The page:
PROGRESS IN GEOGRAPHY ›› 2014, Vol. 33 ›› Issue (3): 347-355.doi: 10.11820/dlkxjz.2014.03.006

• Regional and Industrial Development • Previous Articles     Next Articles

Funding source structure in different types of provincial-level Major Function Oriented Zones (MFOZs) in China

CHENG Jingyao1,2,3, FAN Jie1,2, CHEN Dong1,2   

  1. 1. Institute of Geographic Sciences and Natural Resources Research, CAS, Beijing 100101, China;
    2. Key Laboratory of Regional Sustainable Development Modeling, CAS, Beijing 100101, China;
    3. University of Chinese Academy of Sciences, Beijing 100049, China
  • Received:2013-05-01 Revised:2014-01-01 Published:2014-03-24
  • Contact: 陈东(1979-),男,湖南龙山人,博士,助理研究员,主要研究方向为金融地理学和空间结构的经济地理学分析,E-mail:。

Abstract: Fund is one of the most important factors of regional economic growth and social development, and the spatial distribution of funds plays an important role in the distribution of regional development activities. Sound distribution of funds will help narrow the gap in regional development, or otherwise the gap will be widening. Various factors drive the distribution of different types of funds and there are significant variations between the spatial distributions of market fund and government fund, with the results that different areas have different ratios of such funds. Coordinating the allocation of market and government funds is an effective guarantee of smooth implementation of Major Function Oriented Zone(MFOZ) Planning. Within a particular region, different types of MFOZs are confronted with different fund constraints and fund needs. They also have different abilities to attract the two types of funds. Theoretical analysis shows that while market fund focuses on efficiency, government fund emphasizes fairness. Thus, because of their varied levels and potentials of economic development, Development-Optimized Regions have higher attractiveness to market funds as compared to Development- Prioritized Regions, and Development Regions have higher attractiveness than Restricted Regions. Nevertheless, based on the request of the national planning of MFOZs, Restricted Regions must protect food security and their ecological integrity, which also require a large amount of fund supply. The large gap between the demand and supply of market funds should be reduced by government funding, which leads to different funding structures in different MFOZs. This paper verifies the above theoretical analysis using data from 12 provincial- level administrative units that have issued Major Function Oriented Zones Planning, with two indices: degree of market fund utilization index and state financing dependency index. We found that: (1) There is an inverse relationship between these two indices, that is, the regions that have better potential of attracting market funds received less central government funding. (2) The provincial scale analysis for county fund data shows that the proportion of market fund from high to low is as follows: Development-Optimized Region, Development- Prioritized Region, Development-Restricted Region. (3) The empirical finding is not entirely consistent with the theoretical analysis results, because industrial upgrading pressure in Development-Optimized Regions is not completely translated into fund overflow pressure. (4) Based on the experiences of areas that underwent the most successful economy transition, regional industrial upgrading should be implemented through the process of "economic downturn and rebound". (5) More government funds should be diverted to Development-Optimized Regions as well as Development-Restricted Regions in order to balance production development and livelihood improvement considerations.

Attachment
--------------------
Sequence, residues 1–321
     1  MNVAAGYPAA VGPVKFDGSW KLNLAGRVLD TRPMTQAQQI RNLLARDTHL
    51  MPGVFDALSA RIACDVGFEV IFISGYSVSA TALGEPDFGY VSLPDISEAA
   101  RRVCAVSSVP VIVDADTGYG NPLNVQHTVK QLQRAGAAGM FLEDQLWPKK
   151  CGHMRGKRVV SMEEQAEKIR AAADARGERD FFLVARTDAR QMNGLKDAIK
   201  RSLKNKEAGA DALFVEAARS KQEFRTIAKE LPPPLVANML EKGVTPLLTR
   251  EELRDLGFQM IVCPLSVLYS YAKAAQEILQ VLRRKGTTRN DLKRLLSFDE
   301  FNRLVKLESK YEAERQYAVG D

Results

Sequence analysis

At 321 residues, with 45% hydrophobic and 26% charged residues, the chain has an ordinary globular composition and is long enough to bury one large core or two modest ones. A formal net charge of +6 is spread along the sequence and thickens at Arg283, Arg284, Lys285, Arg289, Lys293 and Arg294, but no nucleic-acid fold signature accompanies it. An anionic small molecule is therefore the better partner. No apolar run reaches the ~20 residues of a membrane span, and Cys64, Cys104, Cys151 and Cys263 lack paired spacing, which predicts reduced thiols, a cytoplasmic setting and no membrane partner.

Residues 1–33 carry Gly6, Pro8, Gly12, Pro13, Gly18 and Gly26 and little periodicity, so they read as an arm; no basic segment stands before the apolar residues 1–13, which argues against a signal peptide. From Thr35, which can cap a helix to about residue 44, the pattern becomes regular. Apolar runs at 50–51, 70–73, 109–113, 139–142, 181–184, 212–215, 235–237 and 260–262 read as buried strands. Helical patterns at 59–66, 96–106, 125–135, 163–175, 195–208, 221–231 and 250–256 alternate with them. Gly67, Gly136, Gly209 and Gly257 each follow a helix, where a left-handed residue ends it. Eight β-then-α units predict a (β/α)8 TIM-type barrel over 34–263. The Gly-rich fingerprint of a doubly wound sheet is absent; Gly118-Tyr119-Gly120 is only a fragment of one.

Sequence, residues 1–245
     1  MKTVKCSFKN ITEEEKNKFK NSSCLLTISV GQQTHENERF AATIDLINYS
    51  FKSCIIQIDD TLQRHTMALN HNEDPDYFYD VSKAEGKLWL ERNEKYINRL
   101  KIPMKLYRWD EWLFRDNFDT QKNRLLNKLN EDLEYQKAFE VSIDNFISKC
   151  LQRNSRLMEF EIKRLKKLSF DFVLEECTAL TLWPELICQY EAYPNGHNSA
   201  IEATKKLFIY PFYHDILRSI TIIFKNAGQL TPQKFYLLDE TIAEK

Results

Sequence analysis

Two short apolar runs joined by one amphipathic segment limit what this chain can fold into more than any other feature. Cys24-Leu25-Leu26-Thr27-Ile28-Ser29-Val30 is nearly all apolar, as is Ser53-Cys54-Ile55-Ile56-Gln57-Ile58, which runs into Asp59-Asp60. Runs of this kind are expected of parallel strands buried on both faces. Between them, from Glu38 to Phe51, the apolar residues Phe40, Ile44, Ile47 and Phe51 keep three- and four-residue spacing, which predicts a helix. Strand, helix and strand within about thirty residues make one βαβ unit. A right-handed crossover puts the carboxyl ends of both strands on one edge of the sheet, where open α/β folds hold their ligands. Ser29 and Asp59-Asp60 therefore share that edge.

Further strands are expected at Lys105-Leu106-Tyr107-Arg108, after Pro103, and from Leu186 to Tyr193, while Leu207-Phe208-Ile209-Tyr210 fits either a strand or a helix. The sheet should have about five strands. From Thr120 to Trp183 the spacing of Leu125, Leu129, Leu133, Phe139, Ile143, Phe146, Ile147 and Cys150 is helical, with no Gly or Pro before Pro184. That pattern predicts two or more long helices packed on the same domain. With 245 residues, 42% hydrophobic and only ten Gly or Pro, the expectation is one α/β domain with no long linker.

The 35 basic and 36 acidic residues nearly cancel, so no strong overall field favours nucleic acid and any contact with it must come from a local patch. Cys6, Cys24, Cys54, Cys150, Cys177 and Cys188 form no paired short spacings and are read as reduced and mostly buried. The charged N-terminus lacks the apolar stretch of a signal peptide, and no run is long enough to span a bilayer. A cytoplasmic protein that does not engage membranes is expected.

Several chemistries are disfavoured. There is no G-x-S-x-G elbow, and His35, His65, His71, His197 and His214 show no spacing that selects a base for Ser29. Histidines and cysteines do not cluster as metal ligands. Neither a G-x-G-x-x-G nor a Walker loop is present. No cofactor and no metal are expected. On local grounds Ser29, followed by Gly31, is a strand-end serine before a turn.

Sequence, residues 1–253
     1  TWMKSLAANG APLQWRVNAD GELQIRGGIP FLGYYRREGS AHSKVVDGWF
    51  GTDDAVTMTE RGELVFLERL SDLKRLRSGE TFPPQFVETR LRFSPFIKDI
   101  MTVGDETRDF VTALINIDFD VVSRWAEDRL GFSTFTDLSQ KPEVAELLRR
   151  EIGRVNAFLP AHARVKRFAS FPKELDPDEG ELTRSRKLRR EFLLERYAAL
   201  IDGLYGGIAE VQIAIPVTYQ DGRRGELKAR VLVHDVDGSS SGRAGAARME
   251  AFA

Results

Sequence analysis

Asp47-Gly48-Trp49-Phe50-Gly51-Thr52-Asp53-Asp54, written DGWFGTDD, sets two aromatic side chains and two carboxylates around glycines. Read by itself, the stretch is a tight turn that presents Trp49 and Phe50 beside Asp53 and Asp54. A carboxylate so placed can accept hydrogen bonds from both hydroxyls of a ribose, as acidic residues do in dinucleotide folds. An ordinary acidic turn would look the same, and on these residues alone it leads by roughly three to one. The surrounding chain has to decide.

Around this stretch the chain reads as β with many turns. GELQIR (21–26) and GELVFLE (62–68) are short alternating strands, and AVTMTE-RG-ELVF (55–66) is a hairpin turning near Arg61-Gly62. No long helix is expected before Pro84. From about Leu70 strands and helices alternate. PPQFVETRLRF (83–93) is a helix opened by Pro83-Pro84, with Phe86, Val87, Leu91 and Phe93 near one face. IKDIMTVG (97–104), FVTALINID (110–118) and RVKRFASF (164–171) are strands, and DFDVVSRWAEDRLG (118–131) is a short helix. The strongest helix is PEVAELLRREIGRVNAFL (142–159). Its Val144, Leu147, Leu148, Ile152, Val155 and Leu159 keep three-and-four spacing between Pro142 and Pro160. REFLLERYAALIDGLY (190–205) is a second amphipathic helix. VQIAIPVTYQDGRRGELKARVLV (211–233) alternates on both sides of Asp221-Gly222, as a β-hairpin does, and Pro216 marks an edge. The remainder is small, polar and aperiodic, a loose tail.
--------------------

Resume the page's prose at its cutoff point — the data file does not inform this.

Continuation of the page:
Key words: China, government & market, Major Function Oriented Zone(MFOZ), regional funding allocation

CLC Number: 

  • K90